By the end, we need a vacation to recover from our vacation. The trick has been to find the right place to do nothing — and to do it as slowly as possible.
The high desert is an annual escape for us, so we know the territory reasonably well. But there always turns out to be some undiscovered pleasures. Twentynine Palms, known mostly as the home of the largest U.S. Marine base or as the gateway to Joshua Tree National Park, is less chic (if that's the word) than nearby Joshua Tree. Like all desert towns, most of it is empty space.
Not far off the main drag is Roughley Manor, a bed and breakfast that looks like a stone mansion in Oxfordshire. There's something oddly appealing about the contrast between the harsh desert scrub and Roughley's lush 25 acres with a rose garden, gazebo and an owl nesting in the trees. Tea is served each evening.
The rooms, especially the suites, are spacious and well-appointed, with antiques and a style that strikes me as a cross between French country and Victorian. In much of the world, it's hard for us to afford a four-poster bed and sitting room, but here a suite goes for $160.
Jan and Gary Peters, the friendly but not intrusive owners, are among Roughley's best assets. After turning it over in 2003 to a couple who found innkeeping wasn't for them, the Peterses came back to Twentynine Palms last year. Their excellent breakfasts are among the reasons we were glad for their return.
At the better-known 29 Palms Inn, adobe bungalows more closely fit the desert oasis setting. Even if we're not staying there, we rely on its restaurant. The kitchen provides reasonably healthy preparation, with fresh vegetables (some grown on the grounds) and homemade bread. For some reason, the inn's parking lot is my ceremonial place to look up at the stars, breathe the air and be glad to be out of Los Angeles.
On our way into the desert in late April, a stop at the Crossroads Cafe, a laid-back place with one foot in the Mojave and the other in Silver Lake, settles our minds. The food isn't gourmet, but it's better than it needs to be, and the restaurant has a long list of beers, friendly service and an easygoing crowd.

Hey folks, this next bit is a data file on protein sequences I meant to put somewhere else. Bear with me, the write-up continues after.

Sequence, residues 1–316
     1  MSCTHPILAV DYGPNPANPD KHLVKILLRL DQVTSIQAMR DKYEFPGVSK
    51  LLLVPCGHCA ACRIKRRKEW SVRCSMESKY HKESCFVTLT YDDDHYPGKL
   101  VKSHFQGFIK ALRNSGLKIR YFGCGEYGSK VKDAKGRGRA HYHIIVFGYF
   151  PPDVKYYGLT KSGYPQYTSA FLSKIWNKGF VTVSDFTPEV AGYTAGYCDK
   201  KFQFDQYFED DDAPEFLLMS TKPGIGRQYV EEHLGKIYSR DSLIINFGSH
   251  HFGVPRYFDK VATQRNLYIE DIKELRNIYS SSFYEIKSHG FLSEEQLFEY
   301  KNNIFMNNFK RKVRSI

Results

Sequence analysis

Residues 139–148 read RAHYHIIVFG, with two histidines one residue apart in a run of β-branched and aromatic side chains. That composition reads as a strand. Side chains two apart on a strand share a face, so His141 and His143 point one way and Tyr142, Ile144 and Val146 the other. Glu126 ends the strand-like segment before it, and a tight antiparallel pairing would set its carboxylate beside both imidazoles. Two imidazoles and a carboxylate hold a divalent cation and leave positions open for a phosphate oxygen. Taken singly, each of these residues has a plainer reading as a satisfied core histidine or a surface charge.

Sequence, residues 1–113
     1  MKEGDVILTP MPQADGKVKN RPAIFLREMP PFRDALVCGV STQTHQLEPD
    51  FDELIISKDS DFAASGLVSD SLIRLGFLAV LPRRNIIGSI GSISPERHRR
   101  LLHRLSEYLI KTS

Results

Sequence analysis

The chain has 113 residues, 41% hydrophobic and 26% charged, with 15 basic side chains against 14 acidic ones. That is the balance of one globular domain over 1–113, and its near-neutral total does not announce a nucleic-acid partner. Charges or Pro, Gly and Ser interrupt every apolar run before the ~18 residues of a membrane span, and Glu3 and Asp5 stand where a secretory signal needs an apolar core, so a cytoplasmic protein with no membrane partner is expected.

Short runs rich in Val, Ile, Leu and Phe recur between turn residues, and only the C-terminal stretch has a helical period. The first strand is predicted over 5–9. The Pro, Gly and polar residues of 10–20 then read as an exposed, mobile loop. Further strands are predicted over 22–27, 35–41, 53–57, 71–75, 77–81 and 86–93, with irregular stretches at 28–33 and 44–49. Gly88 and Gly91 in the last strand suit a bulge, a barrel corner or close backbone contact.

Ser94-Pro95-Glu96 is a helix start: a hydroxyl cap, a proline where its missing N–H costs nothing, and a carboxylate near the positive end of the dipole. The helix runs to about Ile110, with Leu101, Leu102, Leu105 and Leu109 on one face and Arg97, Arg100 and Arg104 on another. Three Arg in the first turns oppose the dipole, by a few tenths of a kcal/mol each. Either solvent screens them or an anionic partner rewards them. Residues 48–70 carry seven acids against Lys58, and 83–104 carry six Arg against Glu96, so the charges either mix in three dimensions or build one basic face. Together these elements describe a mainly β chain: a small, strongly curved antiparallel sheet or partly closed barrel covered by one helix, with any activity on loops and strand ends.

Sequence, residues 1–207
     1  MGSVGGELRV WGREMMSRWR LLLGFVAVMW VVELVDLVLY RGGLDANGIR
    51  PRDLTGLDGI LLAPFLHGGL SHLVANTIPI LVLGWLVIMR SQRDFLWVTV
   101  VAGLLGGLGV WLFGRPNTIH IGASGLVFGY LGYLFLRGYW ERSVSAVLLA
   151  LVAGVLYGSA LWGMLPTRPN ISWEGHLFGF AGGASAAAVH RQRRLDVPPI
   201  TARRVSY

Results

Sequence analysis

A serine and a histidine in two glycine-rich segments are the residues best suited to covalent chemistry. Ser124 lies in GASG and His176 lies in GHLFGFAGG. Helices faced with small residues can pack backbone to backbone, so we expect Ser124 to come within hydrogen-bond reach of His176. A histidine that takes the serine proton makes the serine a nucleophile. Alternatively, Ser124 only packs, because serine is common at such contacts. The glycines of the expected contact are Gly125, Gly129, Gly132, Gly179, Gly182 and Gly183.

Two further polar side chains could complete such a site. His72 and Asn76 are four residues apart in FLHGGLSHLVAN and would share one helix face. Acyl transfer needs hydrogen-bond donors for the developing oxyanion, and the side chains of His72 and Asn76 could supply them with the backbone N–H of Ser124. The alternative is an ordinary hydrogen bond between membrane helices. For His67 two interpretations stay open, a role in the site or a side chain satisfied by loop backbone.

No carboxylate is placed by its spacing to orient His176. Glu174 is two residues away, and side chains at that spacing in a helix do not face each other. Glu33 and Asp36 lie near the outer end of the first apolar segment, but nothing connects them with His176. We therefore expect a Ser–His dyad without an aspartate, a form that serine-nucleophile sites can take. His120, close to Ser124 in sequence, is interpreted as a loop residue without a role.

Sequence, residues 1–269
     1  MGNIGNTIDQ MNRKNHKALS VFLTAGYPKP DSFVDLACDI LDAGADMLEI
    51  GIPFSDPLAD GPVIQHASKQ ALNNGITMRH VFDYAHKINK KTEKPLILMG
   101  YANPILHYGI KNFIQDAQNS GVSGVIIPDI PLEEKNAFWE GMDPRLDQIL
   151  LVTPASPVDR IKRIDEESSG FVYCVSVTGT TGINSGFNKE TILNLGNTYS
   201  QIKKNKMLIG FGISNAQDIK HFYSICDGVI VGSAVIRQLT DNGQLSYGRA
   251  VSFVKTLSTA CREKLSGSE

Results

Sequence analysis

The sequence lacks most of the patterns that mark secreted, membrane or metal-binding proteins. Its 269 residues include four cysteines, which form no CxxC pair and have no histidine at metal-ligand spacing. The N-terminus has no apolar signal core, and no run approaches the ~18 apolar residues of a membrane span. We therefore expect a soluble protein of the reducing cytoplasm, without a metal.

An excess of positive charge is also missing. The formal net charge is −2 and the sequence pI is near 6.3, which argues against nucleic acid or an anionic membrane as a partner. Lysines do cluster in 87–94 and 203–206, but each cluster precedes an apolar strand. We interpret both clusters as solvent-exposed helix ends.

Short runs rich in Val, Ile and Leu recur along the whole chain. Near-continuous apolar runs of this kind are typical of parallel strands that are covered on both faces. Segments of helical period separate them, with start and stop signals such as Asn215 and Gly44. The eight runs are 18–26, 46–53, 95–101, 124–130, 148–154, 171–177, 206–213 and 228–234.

That first night, after settling into our suite, we went for a quick hike in Joshua Tree National Park before the sun set, playing an obligatory Gram Parsons songs — the essence of California country-rock — as we drove. The wildflowers had peaked in April, but the desert floor was still colored with spiky purple bristles, bright red cactus flowers and tiny yellow poppy-like blooms. A cold front had moved through, and the temperature hovered in the 70s.
Saturday, we woke up far earlier than usual for a weekend and hiked most of the way up Mt. Ryan, which offered an amazing view of the park at sunrise. Sated by a breakfast of twice-baked potato with scrambled eggs and bacon in Roughley's dining room, we began the most transcendent, if least glamorous, part of the trip.
Instead of racing through museums or squeezing into crowded nightclubs, as we often spend weekends, we read (novels by the Swedish detective writer Henning Mankell) in the shade outside our inn. I blasted through my iPod headphones some new music I'd purchased (Schoenberg's "Transfigured Night," Sibelius' Symphony No. 5). Physically, I was in the dry, warm Mojave; mentally, I was in cool Northern Europe.
We put in as many hours of this as we were able.
Roughley's well-tended frontyard, with a Mediterranean fountain, made this easy. A row of enormous palm trees looms over couches and chairs and keeps the yard shady most of the day. The side and back areas, which soon will include a small pool and hot tub, are even more relaxing.
Things were livelier over at Pappy and Harriet's Pioneertown Palace, a locally famous high-desert outpost where anyone from Lucinda Williams to Calexico might drop in and play. A friend saw a Johnny Cash tribute band there recently, and it's hard to imagine a better spot for that. The bar collects shaggy bikers, crew-cut Marines, lots of desert rats in beards and cowboy hats and a few eavesdropping urbanites.
I called to ask about Saturday night's band. The hostess said, "They're great. They play everything" — which reminded me of "The Blues Brothers" scene in which a waitress describes the music at her bar: "Oh, we got both kinds. We got country and western."
If there's anything left in 2005 to the concept of the West, it's here in Pioneertown, a nearly abandoned, half-century-old film set on a piece of parched desert land. You reach it by driving half an hour down a winding road through largely empty hills. Today, the idea of Gene Autry or Roy Rogers making movies out there seems nearly as remote as the closing of the frontier.
The band we saw served up such standard fare as "Sweet Home Alabama" and "Born to Be Wild" interspersed with cries of "God bless America" and offers of "some Southern-fried rock 'n' roll for y'all." I have a sneaking suspicion that these good ol' boys are accountants during the week.